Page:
Poyer was born in Saginaw and attended St. Lawrence Seminary High School in Mount Calvary, Wis., before earning a degree in criminal justice from Wayne State University in 1990. He is expected to earn is masters's in pastoral studies from Sacred Heart in 2020.
Poyer is in law enforcement and completed his internship at St. John Neumann Parish in Canton under Fr. Michael Suhy and Deacon Patrick Conlen, earning field experience at Angels’ Place, the Detroit Medical Center chaplaincy and the Pope Francis Center. Poyer is also a member of the Knights of Columbus.
“After several years of wondering if I was called to being a deacon, and several years of not directly responding, a priest challenged me and called me to account for ignoring what I thought might be a call from God despite the fact I didn’t feel prepared to be a deacon,” Poyer said. “My wife, Julie, was immensely supportive and has felt for a number of years that I was being called to serving in this way.”
“There are many in our society who are neglected and in need. The role of deacons and laity alike is to bring the good news of Jesus Christ to a world which desperately needs it.”
Poyer admits the coursework at Sacred Heart Major Seminary is a big time commitment, but though the support of family and friends, he discerned that this is what he was called to do.
“Jesus’ assurance, ‘My yoke is easy and my burden light,’ is the best way to describe our experience of formation,” Poyer said. “If we had any doubts when we entered formation, they were quickly eliminated by the consistently positive experiences we have enjoyed. Countless people have assured us of their prayers from the time we entered formation, and these prayer are, most assuredly, a major reason why formation has been such a joy.”
Poyer’s wife, Julie, has been involved with parish life, including vacation Bible school and the Christian Service Commission, Pen Friend Prison Ministry, Servants of Mercy and No One Dies Alone, a support program of St. Mary Mercy Hospital in Livonia.
Poyer points to the sixth chapter of the Acts of the Apostles as a source of inspiration for his vision of the diaconate.
“Seven men were called from the community to serve those who were in need and being neglected,” Poyer said. “There are many in our society who are neglected and in need. The role of deacons and laity alike is to bring the good news of Jesus Christ to a world which desperately needs it. A deacon’s charity toward all of God’s people, particularly the least among us, and our genuine concern for their temporal and spiritual needs, is a way to lead them and others to Jesus.”
J. Michael Van Dyke
J. Michael Van Dyke, 57, of Farmington Hills and St. Fabian Parish in Farmington Hills is married to Juanita F. (Knight).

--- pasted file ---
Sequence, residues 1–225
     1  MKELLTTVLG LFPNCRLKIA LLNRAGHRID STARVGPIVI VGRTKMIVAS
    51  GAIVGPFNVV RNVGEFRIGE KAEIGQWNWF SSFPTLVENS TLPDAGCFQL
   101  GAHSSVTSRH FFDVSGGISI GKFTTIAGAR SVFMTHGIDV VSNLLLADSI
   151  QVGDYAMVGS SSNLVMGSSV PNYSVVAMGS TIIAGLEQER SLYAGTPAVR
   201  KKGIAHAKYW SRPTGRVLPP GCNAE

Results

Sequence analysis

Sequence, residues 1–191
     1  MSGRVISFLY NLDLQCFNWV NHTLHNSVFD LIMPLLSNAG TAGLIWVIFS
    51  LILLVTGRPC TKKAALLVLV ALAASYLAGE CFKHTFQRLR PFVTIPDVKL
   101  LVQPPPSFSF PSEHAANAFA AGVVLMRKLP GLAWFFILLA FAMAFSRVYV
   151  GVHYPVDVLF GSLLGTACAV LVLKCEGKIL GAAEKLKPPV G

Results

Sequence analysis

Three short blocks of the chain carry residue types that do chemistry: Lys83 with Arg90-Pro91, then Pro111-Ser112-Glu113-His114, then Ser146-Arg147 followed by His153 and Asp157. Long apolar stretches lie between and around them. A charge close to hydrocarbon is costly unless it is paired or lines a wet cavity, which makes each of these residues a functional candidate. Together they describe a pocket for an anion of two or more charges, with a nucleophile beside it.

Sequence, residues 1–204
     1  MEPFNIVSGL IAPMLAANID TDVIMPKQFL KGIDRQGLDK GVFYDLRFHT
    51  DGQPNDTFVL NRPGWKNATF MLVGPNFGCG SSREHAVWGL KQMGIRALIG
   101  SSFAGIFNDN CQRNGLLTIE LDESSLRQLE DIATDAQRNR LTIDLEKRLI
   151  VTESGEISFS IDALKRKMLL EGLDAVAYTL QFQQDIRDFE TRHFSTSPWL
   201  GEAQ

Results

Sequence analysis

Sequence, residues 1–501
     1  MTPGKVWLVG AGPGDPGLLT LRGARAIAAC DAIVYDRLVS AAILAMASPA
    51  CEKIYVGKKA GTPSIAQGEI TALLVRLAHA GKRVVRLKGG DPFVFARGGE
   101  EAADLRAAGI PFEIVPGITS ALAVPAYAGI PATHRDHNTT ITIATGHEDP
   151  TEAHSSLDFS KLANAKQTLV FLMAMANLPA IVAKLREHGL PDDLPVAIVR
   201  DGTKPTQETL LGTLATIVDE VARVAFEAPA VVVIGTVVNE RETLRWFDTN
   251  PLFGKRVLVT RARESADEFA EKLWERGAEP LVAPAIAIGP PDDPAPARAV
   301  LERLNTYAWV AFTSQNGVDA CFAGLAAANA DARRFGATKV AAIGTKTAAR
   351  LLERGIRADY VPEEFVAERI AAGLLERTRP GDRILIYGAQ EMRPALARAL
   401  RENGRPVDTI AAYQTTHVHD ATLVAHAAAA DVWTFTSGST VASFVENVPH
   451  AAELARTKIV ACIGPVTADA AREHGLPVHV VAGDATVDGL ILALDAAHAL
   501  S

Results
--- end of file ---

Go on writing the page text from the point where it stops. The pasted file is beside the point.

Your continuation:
Van Dyke was born in Grand Rapids and attended Jenison High School before graduating from Michigan State University in 1983. A program director for Troy-based Autodata Solutions, Inc., Van Dyke completed his diaconal studies at Sacred Heart Major Seminary in Detroit.
His diaconate internship was at St. Thomas More Parish in Troy under Msgr. Thomas Rice and Deacon Michael Stach, and he has experience with St. Aloysius Street Ministry, the Capuchin Soup Kitchen, St. Vincent de Paul Justice Initiative, Detroit Receiving Hospital spiritual care and the Freedom Center airport military hospitality center.
Van Dyke is a third-degree knight with the Knights of Columbus' St. Fabian Council 13362 and is a certified project management professional with the Project Management Institute.
“While praying for priestly vocations during a time when the Archdiocese of Detroit had parishes working on cluster plans, I heard, ‘What about you?’ I inquired into the diaconate, but said it wasn’t for me. But my wife saw something in me, telling me to ‘follow my heart,’ which is where God resides, in my heart, who was indeed calling me to the diaconate.”
“While praying for priestly vocations during a time when the Archdiocese of Detroit had parishes working on cluster plans, I heard, ‘What about you?’” Van Dyke said. “I inquired into the diaconate, but said it wasn’t for me. But my wife saw something in me, telling me to ‘follow my heart,’ which is where God resides, in my heart, who was indeed calling me to the diaconate.”
Van Dyke said his vision of ministry changed during his formation. No longer did he view ministry as what he bring to the Church, but rather an opportunity to give himself over to Jesus.
“I now recognize this ministry, as to paraphrase Deacon James Keating from his book The Heart of the Diaconate, (is about) giving myself over to allow Jesus to live His servant mysteries over again through me,” Van Dyke said. “This openness, I suspect, will lead me to ministry after ordination that I could never have imagined on my own, nor could fulfill without our Lord guiding me.”
Van Dyke’s wife, Juanita, works at Sacred Heart Major Seminary after coming into the Church in 2008. In the past, she was a foster puppy raiser for Paws With a Cause and a volunteer coordinator for the Michigan Humane Society.
During his time ministering at the St. Vincent de Paul Justice Initiative, Van Dyke recalls a time he came across a gentleman with the same name as him who left a profound impact on his discernment for the diaconate.
“I was assisting a gentleman, also named Mike, who was confined to a wheelchair,” Van Dyke said. “Long story short, Mike came in off the streets. I assisted him with new clothes and getting cleaned up. As I related this story during a class, I described how I saw an imprisoned Jesus, in a wheelchair, in the other Mike. The instructor said he saw in me the servant Jesus, who washed His disciples’ feet.”
An earlier version of this article misidentified the four men. Detroit Catholic apologizes for the error.